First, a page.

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SEPTEMBER 2012 issue of
Rental Management

Helium shortage deflates balloon business

Seeing 99 red balloons going by could soon be a memory of parties past if an ongoing helium shortage doesn’t get resolved. Several rental store owners say the shortage has taken a huge toll on their balloon business as the cost of helium has more than doubled and access to tanks has been sharply reduced.

Helium is the second-most abundant element in the universe, but most of it hovers above the Earth’s atmosphere — not exactly a convenient location for extraction. Helium, which is used in everything from magnetic resonance imaging (MRI) machines and scientific research to balloons, is a byproduct of natural gas extraction from underground mines. One-third of the world’s helium comes from the U.S. and one of the largest sources for helium — the Federal Helium Reserve — sits just under Texas, by Amarillo.

However, helium is a finite resource. Produced by the decay of radioactive elements in the ground, helium is the result of some four billion years of natural processes. Now, officials say, the helium reserve is running low. Hospitals usually have first dibs on helium resources. While balloons make up maybe 10 percent of helium usage, helium use for balloons is at the end of a long line.

Rental store owners have seen the shortage and resulting higher costs, first-hand, from helium providers.

Tim Cahall, CERP, director, The Main Event, Mount Airy, Md., says obtaining helium now is beyond a challenge. “We had the same helium provider for 12 years. We average three to four tanks per month in the off season, and in April, May and June, we can use eight to 10 tanks in a month. Because of the helium shortage, they began to reduce the number of tanks we could have. Now, we get one tank per month and it’s 90 percent filled. We found another provider, but they charge three times the price,” Cahall says.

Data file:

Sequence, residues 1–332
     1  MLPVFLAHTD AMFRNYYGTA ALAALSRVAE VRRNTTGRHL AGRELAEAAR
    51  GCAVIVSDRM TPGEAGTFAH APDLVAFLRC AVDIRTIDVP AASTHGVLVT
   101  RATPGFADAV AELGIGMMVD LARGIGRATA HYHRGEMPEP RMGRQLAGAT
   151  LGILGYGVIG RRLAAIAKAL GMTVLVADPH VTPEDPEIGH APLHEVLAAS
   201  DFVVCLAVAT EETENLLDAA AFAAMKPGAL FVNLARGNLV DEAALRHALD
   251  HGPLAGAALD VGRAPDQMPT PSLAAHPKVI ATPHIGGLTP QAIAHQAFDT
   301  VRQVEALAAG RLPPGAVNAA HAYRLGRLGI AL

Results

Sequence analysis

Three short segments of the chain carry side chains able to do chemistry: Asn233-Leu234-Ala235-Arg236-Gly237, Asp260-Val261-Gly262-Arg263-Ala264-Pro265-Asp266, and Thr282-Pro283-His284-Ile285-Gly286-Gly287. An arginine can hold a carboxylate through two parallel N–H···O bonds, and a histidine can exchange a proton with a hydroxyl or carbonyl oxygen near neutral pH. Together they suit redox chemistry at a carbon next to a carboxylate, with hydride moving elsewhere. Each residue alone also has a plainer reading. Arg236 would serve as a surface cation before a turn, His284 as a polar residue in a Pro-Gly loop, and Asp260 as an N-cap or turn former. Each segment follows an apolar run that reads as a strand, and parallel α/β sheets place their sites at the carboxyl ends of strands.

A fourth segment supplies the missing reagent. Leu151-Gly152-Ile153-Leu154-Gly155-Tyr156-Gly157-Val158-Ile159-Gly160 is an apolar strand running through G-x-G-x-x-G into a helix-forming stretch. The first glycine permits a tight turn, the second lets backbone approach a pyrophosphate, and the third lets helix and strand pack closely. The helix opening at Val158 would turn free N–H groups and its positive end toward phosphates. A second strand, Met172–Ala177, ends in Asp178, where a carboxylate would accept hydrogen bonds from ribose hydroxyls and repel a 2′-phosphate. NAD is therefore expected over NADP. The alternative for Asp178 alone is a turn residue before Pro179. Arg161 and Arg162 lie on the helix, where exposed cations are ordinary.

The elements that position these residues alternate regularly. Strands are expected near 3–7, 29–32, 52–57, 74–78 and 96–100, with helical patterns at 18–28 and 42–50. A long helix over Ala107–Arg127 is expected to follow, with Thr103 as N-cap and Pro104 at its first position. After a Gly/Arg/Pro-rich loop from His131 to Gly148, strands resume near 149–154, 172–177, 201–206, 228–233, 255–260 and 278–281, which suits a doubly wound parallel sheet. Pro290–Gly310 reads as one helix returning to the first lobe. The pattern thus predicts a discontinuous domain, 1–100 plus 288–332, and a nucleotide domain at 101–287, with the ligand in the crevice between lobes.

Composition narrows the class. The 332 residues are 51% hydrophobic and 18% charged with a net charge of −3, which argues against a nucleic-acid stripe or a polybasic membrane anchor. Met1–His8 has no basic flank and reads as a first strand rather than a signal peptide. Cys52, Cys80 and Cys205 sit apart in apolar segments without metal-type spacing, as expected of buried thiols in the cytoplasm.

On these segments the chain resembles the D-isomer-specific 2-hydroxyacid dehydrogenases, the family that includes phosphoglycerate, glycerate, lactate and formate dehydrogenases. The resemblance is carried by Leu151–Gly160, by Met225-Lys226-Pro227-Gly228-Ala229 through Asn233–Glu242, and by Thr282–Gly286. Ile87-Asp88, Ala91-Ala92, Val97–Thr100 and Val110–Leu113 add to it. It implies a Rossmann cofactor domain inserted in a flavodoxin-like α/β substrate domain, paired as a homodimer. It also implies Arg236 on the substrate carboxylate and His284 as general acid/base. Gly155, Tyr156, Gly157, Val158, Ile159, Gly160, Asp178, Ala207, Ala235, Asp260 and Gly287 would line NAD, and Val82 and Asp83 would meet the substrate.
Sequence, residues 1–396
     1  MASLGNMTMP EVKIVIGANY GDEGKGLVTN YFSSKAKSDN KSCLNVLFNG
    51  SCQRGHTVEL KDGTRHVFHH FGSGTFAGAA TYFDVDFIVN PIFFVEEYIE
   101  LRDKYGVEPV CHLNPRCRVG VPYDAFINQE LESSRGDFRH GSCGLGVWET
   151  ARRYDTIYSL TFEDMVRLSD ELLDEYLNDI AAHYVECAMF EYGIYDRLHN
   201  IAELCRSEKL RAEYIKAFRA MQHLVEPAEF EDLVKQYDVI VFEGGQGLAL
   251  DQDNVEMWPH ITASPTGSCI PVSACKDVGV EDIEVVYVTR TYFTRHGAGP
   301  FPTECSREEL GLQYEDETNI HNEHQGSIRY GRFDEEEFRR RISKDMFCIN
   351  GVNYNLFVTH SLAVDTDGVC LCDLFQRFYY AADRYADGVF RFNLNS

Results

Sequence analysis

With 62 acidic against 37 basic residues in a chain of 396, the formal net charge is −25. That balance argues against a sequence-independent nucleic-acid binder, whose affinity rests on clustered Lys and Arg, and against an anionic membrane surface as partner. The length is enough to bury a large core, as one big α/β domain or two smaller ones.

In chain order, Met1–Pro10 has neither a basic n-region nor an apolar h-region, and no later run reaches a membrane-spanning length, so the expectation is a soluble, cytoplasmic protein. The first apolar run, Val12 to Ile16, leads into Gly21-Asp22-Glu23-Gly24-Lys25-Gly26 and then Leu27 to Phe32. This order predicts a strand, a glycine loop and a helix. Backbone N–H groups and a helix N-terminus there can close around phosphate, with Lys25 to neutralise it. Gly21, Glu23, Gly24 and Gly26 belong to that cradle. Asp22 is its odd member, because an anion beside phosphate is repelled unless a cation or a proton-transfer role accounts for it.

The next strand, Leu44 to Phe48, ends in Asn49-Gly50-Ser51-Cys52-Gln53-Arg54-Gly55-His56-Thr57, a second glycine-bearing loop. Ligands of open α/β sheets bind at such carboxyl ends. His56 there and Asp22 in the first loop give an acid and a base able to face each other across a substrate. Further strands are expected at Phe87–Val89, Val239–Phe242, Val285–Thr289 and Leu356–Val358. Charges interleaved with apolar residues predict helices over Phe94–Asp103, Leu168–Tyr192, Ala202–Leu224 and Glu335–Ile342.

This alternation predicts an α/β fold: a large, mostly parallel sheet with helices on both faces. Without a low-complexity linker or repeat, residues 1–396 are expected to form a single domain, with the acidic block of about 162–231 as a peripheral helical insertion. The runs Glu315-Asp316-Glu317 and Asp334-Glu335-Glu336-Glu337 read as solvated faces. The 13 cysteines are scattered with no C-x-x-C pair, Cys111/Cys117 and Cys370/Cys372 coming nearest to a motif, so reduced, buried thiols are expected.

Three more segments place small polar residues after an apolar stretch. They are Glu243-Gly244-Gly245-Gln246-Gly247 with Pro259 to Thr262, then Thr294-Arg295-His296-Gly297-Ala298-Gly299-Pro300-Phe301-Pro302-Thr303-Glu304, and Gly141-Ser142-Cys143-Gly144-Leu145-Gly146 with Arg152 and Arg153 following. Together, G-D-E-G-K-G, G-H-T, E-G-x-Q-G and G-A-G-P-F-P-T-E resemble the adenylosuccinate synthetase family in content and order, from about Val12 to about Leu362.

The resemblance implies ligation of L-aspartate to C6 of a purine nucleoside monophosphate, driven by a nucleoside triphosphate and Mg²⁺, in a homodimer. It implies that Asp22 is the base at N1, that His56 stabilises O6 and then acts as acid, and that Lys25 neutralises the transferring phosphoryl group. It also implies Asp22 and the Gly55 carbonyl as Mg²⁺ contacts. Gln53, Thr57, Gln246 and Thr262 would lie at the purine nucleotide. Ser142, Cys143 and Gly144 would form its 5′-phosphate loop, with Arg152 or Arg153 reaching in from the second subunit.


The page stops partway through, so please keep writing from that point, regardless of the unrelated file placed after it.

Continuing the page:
Steve Reitter, manager, Robinsons Hardware, Hudson, Mass., says he has had the same experience. “Because I get all my industrial gasses from my supplier, he is able to provide me with helium, but the price has quadrupled. I used to do balloon structures. We used to do a lot of air-filled structures,” he says.

As of this spring, Reitter says his store stopped offering helium-filled balloons, at least for now. “We put a note on our website. My concern was that customers wouldn’t want to pay for that. If we’re not going to have happy customers, we’re not going to do it,” he says.

Tammy Loza, owner, Careli Party Rentals & Balloons, Durham, N.C., says she has had the same problem getting tanks. “My provider is okay about selling one, but not if I order very many. The price has doubled or tripled,” she says.

Loza began using a special valve to preserve helium and keep costs down. “The 40/60 valve mixes regular air with helium. If you use it with a regular balloon, it lasts eight to 10 hours, but if you use a high-float balloon, it lasts five to seven days. With 100 percent helium, the balloons can last for two weeks,” she says.

She says the 40/60 valve wasn’t easy to find, but that it should be available from balloon providers.

Cahall says one silver lining to the challenging economy was that it helped them prepare for the helium shortage.

“We have a huge balloon business, but it took a real hit with the economy. We used to do a dozen weddings in a weekend with balloon décor. Now, we do a dozen a month, maybe, in a busy season. So, we have already adjusted our investment and the money we have in this. Because we’ve taken that hit and adjusted, we’re in a better place to endure this helium shortage. Had it been 2007 or spring of 2008 when the helium market seized up, that would have been extremely difficult,” he says.

“The reality is that we’ll never go back to the old world of helium. The days of getting a tank at a reasonable price and getting as many as you want are over,” he says.





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